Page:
Canada has signed a memorandum of understanding (MoU) with Libya for cooperation in the peaceful use of nuclear energy.
The MoU was signed in Tripoli on 29 July by Canada's ambassador to Libya and the secretary of the Americas Department of the General People's Committee for Foreign Liaison and International Cooperation.
The accord provides for cooperation between Canada and Libya in several fields of the peaceful use of nuclear energy, including research; uranium mining, processing and transport; enhancing radiation technology for the prevention and treatment of diseases; and the development and management of seawater desalination technology.
The MoU also provides for prioritizing nuclear safety, protection of the environment and the economy, and nuclear non-proliferation in accordance with the laws and policies of both countries, as well as their international commitments.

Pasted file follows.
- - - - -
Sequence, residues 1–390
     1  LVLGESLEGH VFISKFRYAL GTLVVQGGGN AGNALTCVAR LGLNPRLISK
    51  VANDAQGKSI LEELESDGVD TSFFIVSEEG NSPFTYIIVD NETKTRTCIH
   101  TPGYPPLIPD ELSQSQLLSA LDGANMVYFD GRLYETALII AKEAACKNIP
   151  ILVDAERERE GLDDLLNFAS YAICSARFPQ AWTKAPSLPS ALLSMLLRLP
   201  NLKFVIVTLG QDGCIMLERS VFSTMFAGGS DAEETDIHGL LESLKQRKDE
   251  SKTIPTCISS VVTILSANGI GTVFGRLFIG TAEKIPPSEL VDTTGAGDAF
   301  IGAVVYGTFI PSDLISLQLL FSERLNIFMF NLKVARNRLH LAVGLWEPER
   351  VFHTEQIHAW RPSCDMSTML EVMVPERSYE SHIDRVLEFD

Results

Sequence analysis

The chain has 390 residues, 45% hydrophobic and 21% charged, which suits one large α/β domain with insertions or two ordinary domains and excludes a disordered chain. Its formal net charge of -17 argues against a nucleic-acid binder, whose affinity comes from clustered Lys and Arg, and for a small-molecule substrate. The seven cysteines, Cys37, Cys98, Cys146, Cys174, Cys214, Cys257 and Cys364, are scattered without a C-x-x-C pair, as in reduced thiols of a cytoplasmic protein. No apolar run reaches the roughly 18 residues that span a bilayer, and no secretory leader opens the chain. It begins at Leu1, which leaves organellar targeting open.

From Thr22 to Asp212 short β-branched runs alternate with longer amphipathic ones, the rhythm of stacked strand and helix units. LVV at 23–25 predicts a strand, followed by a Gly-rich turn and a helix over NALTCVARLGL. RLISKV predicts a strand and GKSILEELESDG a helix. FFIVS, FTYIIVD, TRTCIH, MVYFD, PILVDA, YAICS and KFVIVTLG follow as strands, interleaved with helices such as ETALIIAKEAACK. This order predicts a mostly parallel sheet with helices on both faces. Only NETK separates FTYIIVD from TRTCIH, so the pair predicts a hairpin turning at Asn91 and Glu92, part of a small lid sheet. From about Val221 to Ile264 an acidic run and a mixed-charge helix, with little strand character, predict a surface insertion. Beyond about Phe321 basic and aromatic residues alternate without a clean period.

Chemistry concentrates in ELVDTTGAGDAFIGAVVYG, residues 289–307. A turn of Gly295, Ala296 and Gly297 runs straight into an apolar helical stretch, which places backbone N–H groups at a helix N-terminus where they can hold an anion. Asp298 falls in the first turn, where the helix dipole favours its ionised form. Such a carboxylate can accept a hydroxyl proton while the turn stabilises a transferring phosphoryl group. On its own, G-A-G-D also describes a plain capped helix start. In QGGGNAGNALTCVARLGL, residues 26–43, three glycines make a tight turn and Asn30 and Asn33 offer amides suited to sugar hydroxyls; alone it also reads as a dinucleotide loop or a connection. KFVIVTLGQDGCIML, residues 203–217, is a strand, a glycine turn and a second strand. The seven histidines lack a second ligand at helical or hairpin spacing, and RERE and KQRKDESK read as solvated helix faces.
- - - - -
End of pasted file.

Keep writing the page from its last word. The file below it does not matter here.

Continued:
The secretary of the management committee of Libya's Atomic Energy Institute said that the signing of the MoU represents a progressive step in relations of both countries and opens new opportunities for cooperation in the area of promoting nuclear energy development programmes.
This is the fourth cooperation agreement that Libya has signed since July 2007. It has already signed similar agreements with France, Russia and Ukraine.
In 2003, Libya halted a clandestine program to develop uranium enrichment, and fully opened itself to IAEA inspections. The country's voluntary measures earned it certain favour among Western powers. It has a Russian 10 MWt research reactor, which has been operating since 1981 and is under International Atomic Energy Agency (IAEA) safeguards.